Is Handling Food With Bare Hands Disgusting?
What if you were at a lounge or restaurant and was ready to eat something — only to find that the food for which you were craving was handled with bare hands? Would you then suddenly lose your appetite?
Is Handling Food With Bare Hands Disgusting?
“While the lounge is beautiful and well-stocked with high-quality food and drinks, the hygiene of the food preparation leaves much to be desired”, FlyerTalk member manhattan92 posted. “On both visits, I saw the chefs in the open kitchen cutting fruits and salad vegetables with bare, ungloved hands. My desire to eat the melon I just saw them handling or to eat the salad tomatoes freshly sliced by bare hands disappeared.”
The same chefs apparently then also handled tacos in the same manner. Is this considered unhygienic?
You Guessed It: Wash Your Hands
Imagine if a person was about to prepare your food order when suddenly she sneezes into her hand and then proceeds to fulfill your order without first washing her hands. What would you do?
I am no chef; but I do know that when people properly wash their hands prior to preparing food for consumption, the food is generally safe — unless they have contracted some sort of contagious disease, which would mean that they have no business working and should instead stay home and get well.
A more prevalent danger is cross contamination: if the hands — or gloves which covered the hands, for that matter — handled raw meat and then touched fresh fruit or vegetables, that increases the chance of spreading salmonella or some other bacteria which can lead to food poisoning.
Additional information pertaining to basic information for handling food safely is readily available from the Food Safety and Inspection Service of the Department of Agriculture of the United States — as well as this article pertaining to food safety during winter weather — which includes:
- Always wash hands with warm water and soap for 20 seconds before and after handling food.
- Do not cross-contaminate. Keep raw meat, poultry, fish, and their juices away from other food. After cutting raw meats, wash cutting board, utensils, and countertops with hot, soapy water.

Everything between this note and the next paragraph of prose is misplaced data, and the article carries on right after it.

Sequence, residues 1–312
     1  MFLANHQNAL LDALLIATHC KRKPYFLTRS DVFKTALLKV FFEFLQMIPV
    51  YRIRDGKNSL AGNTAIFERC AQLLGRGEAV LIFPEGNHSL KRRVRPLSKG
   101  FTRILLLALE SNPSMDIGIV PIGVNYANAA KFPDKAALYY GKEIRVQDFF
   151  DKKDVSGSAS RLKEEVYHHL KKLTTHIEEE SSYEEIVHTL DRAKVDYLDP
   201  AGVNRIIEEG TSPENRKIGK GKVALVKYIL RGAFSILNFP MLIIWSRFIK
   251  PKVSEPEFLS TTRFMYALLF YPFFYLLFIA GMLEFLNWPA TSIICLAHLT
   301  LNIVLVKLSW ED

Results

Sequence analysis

- Cutting boards, utensils, and countertops can be sanitized by using a solution of one tablespoon of unscented, liquid chlorine bleach in one gallon of water.
- Marinate meat and poultry in a covered dish in the refrigerator.
When you think about it, eating out in a public place — whether at a restaurant, lounge, or catering hall — is a leap of faith in which you automatically assume that your food was prepared properly and is suitable for consumption; and that trust can even extend to purchasing ingredients at your favorite supermarket for meals you prepare at home. Most people do not constantly get sick from eating, thanks to food safety laws, increased awareness about food handling — and our own remarkable immune systems.
I have passed through the kitchens of numerous catering halls and restaurants. After seeing what goes on in these places, manhattan92 may never eat at lounges or dining establishments ever again.
The standards of food safety which are discussed in this article pertain to dining establishments in the United States. As a frequent traveler, you know that those same standards can vary widely from country to country; and preventing yourself from contracting an illness which was borne from food is never completely guaranteed…
…but if you want to increase the odds of ensuring that you are not struck down by some illness which resulted from eating food that is not completely safe — which could potentially seriously derail your travel plans — consider following these food safety tips from the Centers for Disease Control and Prevention whenever you eat outside of your home:
- Check inspection scores. Check a restaurant’s score at the official Internet web site of your local health department, ask the health department for a copy of the report, or look for it when you get to the restaurant.
- Look for certificates which show kitchen managers have completed food safety training. Proper food safety training can help improve practices that reduce the chance of spreading foodborne germs and illnesses.
- Look for safe food-handling practices. Sick food workers can spread their illness to customers. Most kitchens are out of the sight of the customer; but if you can see food being prepared, check to ensure that workers are using gloves or utensils to handle foods that will not be cooked further — such as deli meats and salad greens.
- Order food which is properly cooked. Certain foods — including meat, poultry, and fish — need to be cooked to a temperature high enough to kill harmful germs that may be present. If you are served undercooked meat, poultry, seafood, or eggs, send them back to be cooked until they are safe to eat.
- Watch out for food served lukewarm. Cold food should be served cold, and hot food should be served hot. If you are selecting food from a buffet or salad bar, make sure that the hot food is steaming, and that the cold food is chilled. Germs that cause food poisoning grow quickly when food is in the danger zone — between 40° Fahrenheit and 140° Fahrenheit.
- Ask your server if raw or lightly cooked eggs are used in foods such as Caesar salad dressing, custards, or hollandaise sauce. Raw or undercooked eggs can make you sick unless they’re pasteurized to kill germs.
- Take care of your leftovers quickly. Get them to the fridge within two hours, or just one hour if it is a hot day. Eat them within three to four days. Throw them out after that time.
All photographs ©2014, ©2015 and ©2018 by Brian Cohen.